St. Petersburg's anti-gay law: Canadian travel in Russia cautioned, Vancouver author protests

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      Are you planning a trip to Russia?

      If you're a queer Canadian, you might want to carefully consider where you go. And what you do there.

      Canada's Department of Foreign Affairs is warning LGBT travellers about a vaguely worded law in St. Petersburg (which came into effect on March 17) that makes it a criminal offence to publicize acts of male or female homosexuality, bisexuality, or transgenderism. It is purportedly designed to protect minors.

      St. Petersburg, one of Russia's main tourist destinations, is the fourth Russian city to enact such a law, following Ryazan, Arkhangelsk, and Kostroma.

      A Russian travel advisory on the Foreign Affairs website notes that while homosexuality is legal in Russia (it was decriminalized in 1993), LGBT Canadian travellers should avoid "displaying affection in public, as homosexuals can be targets of violence… Public actions (including dissemination of information, statements, displays or conspicuous behaviour) contradicting or appearing to contradict this law may lead to arrest, prosecution and the imposition of a fine."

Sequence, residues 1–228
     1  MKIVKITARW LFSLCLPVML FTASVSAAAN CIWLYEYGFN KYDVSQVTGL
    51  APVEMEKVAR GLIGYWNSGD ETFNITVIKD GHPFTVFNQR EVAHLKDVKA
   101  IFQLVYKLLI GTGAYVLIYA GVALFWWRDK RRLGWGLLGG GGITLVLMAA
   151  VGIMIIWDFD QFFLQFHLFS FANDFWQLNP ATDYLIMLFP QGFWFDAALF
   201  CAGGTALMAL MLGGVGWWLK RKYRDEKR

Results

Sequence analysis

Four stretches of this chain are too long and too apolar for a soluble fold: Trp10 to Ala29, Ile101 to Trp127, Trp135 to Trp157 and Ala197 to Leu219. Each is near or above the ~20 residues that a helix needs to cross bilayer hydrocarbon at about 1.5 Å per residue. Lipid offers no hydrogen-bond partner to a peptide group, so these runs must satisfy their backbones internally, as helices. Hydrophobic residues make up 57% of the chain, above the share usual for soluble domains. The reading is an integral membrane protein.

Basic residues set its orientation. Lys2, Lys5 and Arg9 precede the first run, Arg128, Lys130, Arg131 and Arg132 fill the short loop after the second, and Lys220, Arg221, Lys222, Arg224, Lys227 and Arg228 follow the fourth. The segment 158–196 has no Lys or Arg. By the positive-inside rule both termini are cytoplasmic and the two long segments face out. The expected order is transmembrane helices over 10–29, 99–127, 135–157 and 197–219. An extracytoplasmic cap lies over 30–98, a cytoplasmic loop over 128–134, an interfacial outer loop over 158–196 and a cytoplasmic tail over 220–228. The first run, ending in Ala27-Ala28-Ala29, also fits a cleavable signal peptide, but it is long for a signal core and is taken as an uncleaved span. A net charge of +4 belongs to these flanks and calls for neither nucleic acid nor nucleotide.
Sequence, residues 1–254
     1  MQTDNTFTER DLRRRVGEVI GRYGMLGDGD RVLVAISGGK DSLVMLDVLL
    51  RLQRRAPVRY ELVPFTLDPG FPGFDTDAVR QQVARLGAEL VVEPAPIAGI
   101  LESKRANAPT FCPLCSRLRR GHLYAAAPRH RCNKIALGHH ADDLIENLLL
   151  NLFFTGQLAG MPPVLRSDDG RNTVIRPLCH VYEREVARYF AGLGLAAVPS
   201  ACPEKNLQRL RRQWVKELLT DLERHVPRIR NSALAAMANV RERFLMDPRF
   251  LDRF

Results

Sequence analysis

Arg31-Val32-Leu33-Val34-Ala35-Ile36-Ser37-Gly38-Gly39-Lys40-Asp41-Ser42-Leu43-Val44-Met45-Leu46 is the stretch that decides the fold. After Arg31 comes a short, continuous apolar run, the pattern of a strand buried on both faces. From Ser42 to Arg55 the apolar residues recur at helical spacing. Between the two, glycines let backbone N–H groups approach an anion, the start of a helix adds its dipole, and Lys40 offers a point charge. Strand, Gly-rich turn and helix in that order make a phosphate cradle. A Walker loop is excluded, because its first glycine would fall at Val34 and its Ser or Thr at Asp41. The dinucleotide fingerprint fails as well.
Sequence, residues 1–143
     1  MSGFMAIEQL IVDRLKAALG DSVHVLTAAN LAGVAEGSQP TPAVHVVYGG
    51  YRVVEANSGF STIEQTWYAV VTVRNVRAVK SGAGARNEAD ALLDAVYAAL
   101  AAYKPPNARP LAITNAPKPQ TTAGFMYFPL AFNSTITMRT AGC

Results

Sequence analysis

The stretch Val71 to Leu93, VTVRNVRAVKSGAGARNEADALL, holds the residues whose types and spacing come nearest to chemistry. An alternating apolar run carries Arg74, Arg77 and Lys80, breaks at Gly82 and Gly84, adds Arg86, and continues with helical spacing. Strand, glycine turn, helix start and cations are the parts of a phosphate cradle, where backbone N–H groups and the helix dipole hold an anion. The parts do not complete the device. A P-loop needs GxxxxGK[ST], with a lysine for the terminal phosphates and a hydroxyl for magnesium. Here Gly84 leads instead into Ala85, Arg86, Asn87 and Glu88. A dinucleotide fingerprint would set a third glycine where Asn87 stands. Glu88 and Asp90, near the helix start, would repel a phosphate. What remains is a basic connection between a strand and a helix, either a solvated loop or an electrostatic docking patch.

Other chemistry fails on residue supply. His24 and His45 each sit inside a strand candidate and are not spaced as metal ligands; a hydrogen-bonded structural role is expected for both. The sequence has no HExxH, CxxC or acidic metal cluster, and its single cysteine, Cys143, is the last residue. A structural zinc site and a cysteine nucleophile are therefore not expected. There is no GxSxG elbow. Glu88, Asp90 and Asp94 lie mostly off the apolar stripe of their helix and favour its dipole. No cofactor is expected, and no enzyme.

Offenders can face arrest, criminal prosecution, and fines ranging from 5,000 to 500,000 rubles ($167 to $16,763).

      According to news reports, Foreign Affairs Minister John Baird stated that Canada's ambassador has written to the Russian government to express concerns about the law.

      Moscow journalist Masha Gessen wrote an article in the New York Times for travellers to avoid St. Petersburg, even pleading with pop star Madonna to cancel her August 9 concert scheduled there.

      Upon hearing from Russian students about the St. Petersburg law, Vancouver author Robert Joseph Greene decided to withdraw his story The Blue Door from the forthcoming collection The Gay Icon Classics II and publish it instead as a children's story in protest.

      The Blue Door tells the story of a Russian prince who was supposed to pick a woman to be his bride but instead chooses the male archery teacher he fell in love with. He is imprisoned by his czar father, but is later released by his brothers.

      Greene plans to distribute a translated version of the book to Russian newspapers and will write to the Russian Embassy in Canada in protest. The book is available at Vancouver bookstores.


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